Law practice management advisors specialize in fielding questions. Here are a few recurring ones that have been posed to me in recent months:
If our firm purchases practice management software, is it necessary to continue routing new client intake forms to all the attorneys to review for possible conflicts?
Yes! It is important to circulate new matter information to all lawyers and staff in the office. Ask that everyone review new matters for possible conflicts that may not be in the conflict system. Someone in the office may recognize a conflict that would not be detected otherwise. This can be done by routing new client intake forms or sending a firm-wide e-mail. In either case, circulate the new matter information on a weekly basis.
Time Entries for Contract Work
I recently completed a contract project for another lawyer. She is asking for time entries to include in the client’s billing statement. Is there a particular format I should follow?
Bill the lawyer as if you are billing the client directly. Most clients want to see the following for each billable activity:
- Description of work performed
- Time spent
- Amount due (hours spent x hourly rate)
Give the lawyer the same information. Remember that every time entry, and every bill for that matter, should tell a story. An easy way to accomplish this is to remember the “three W’s:” who, what, and why.
- “Who” are the parties or persons involved in the activity.
- “What” is the actual billable activity.
- “Why” is the reason for spending the time to complete the task (For example: in preparation for trial or in response to a discovery request.)
Here are some more do’s and dont’s:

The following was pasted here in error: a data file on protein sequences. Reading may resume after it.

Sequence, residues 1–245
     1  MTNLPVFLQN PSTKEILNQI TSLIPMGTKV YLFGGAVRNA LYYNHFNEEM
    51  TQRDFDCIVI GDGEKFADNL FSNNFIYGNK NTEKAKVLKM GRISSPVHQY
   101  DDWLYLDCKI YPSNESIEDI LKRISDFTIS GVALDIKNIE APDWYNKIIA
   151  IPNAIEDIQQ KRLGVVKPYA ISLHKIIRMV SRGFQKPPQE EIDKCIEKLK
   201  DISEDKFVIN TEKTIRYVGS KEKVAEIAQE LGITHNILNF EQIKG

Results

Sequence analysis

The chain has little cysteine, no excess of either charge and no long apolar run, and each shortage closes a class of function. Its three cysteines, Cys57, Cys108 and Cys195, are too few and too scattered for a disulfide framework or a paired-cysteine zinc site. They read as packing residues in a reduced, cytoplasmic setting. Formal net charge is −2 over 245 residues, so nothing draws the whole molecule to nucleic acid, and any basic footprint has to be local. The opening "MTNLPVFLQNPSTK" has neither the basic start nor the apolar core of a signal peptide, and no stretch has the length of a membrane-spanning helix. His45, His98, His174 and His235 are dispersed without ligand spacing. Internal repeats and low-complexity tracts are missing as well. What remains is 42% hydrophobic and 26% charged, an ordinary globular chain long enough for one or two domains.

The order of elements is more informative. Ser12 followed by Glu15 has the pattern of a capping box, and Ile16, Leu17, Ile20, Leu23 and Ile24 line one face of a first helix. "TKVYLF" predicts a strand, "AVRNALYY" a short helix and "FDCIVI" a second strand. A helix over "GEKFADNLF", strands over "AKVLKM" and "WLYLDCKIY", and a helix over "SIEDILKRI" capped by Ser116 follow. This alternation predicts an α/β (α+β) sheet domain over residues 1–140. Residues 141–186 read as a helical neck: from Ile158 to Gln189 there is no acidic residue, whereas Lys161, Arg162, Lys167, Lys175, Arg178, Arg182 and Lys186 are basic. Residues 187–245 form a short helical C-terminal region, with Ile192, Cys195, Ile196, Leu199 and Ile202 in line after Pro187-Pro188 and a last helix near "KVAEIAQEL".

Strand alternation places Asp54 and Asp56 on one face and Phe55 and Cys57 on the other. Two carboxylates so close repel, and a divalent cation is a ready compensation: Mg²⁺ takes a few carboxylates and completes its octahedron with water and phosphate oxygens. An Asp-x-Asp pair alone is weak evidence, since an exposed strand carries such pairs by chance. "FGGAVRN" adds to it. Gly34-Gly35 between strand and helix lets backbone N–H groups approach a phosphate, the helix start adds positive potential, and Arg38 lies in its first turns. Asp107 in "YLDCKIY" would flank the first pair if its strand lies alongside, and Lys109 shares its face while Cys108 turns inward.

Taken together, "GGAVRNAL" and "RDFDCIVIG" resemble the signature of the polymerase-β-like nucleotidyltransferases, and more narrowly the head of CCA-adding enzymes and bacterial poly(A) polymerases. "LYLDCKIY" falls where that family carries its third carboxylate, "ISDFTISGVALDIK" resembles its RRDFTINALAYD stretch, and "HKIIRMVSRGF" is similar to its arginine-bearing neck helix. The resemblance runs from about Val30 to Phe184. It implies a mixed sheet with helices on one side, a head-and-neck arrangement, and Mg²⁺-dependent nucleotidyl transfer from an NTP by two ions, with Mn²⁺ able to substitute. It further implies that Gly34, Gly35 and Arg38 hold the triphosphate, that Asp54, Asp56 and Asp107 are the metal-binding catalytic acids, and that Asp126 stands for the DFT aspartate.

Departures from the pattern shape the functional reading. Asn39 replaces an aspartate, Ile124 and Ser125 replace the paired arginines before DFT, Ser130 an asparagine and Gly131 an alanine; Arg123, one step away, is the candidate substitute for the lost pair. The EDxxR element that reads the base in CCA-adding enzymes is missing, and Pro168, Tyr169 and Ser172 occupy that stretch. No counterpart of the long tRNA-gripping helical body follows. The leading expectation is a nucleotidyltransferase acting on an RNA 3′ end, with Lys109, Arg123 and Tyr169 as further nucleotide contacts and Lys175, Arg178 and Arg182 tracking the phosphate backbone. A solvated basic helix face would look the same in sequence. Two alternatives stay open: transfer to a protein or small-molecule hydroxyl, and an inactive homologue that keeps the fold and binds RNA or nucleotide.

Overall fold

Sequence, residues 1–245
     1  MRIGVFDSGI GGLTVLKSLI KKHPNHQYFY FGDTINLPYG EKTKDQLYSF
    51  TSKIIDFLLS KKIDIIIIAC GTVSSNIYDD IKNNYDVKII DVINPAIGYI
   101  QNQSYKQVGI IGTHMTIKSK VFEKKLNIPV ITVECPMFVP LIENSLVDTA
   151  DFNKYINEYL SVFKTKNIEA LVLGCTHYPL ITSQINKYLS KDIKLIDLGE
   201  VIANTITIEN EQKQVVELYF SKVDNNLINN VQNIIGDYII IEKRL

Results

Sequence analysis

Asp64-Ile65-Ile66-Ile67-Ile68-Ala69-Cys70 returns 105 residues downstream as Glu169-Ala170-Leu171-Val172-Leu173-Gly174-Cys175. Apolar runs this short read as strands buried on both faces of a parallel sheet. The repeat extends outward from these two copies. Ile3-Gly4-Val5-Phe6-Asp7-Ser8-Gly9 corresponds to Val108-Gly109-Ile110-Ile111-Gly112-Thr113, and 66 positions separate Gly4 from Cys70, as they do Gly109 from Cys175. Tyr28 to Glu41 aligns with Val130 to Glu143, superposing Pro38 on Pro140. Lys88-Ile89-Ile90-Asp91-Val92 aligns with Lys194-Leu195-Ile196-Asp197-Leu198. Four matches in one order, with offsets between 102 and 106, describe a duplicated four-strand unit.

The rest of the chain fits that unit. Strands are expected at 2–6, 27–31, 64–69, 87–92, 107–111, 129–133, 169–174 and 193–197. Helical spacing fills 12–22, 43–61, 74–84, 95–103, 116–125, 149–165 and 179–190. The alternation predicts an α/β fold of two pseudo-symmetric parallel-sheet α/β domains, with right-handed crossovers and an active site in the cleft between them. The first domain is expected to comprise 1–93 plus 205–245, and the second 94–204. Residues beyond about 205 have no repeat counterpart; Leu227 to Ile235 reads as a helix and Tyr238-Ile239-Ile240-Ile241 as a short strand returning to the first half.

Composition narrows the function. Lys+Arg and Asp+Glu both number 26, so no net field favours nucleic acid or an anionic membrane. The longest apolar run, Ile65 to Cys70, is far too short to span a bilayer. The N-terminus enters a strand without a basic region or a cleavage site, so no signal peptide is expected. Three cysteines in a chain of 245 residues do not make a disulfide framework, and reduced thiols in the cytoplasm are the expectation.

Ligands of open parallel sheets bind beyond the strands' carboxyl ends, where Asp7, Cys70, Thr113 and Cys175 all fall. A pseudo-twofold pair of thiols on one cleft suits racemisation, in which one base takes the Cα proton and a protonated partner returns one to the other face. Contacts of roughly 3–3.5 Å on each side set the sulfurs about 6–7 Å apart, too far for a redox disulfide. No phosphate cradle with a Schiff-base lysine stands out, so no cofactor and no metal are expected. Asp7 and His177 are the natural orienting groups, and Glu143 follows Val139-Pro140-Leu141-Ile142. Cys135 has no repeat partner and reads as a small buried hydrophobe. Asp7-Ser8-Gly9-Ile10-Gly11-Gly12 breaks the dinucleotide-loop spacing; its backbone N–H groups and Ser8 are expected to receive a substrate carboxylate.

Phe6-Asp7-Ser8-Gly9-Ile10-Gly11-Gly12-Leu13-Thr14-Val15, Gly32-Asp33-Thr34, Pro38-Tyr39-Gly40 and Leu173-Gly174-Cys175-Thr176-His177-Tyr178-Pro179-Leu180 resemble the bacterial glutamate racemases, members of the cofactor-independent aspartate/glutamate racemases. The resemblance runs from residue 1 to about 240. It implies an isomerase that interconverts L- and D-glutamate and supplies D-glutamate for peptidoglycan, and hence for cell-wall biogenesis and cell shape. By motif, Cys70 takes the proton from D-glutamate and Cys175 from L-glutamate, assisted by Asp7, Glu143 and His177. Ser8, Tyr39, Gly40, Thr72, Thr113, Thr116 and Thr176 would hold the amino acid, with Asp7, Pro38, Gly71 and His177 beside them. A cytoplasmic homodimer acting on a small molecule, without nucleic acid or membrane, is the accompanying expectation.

- Use results-oriented verbs to describe your billable activity: “Attend hearing in response to Defendant Smith’s objection to attorney fee award,” or “Prepare Plaintiff’s First Request for Production to Defendant Jones.”
- Be as detailed as possible. Don’t just say “Review documents,” describe the documents you reviewed: “Review documents, including [then list some of the key documents].”
- Use present tense rather than past tense.
- Be consistent in your phrasing.
- Don’t repeat the same phrase over and over again: “Review discovery,” “Review documents,” “Review medicals.”
- Do not use “etc.”
- Avoid abbreviations the client won’t understand.
- Avoid acronyms (which no one understands).
- Weigh the formality of your language. Should you say “memo” or “memorandum?” “Fax” or “facsimile?” “Telcon” or “Telephone conference?” Many clients prefer a more formal approach when it comes to billing. In either case, see the last bullet point under “Do’s.”
Third Party Payments
We have a case where an advance deposit was paid by a third party (not the client). The work is now complete and there are funds remaining in trust. To whom do we issue the refund? We do not have a written fee agreement with the client or the third party.
“A lawyer must deliver funds requested by a client ‘which the client is entitled to receive.’ Oregon RPC 1.15-1(d). If the client is not entitled to the funds, the lawyer may be civilly liable to the payor for conversion or otherwise.”
I don’t have a bullet-proof answer for you, but here are two suggested approaches:
Render a final bill to your client reflecting the balance remaining in trust. Inform the client via the bill or in a covering letter or e-mail that you will be processing and issuing a refund to the third party within [some number of days] of the billing date. Wait the stated number of days, then process the third party refund.
Prepare a final bill reflecting the proposed refund to the third party. Submit it to the client for her approval. Process the refund after you receive your client’s consent.
The best course for this type of arrangement is to enter into a written fee agreement which specifies to whom any prepaid, but unearned fee is to be refunded. Remember:
- Billing statements sent to third parties should be redacted to protect client confidentiality or obtain client consent to disclose detailed billing information.
- Third party payment arrangements are subject to Oregon RPC 1.8(f) – the client must give informed consent and the paying party cannot interfere with the “lawyer’s independence of judgment or with the client-lawyer relationship.”
Copyright 2011 Beverly Michaelis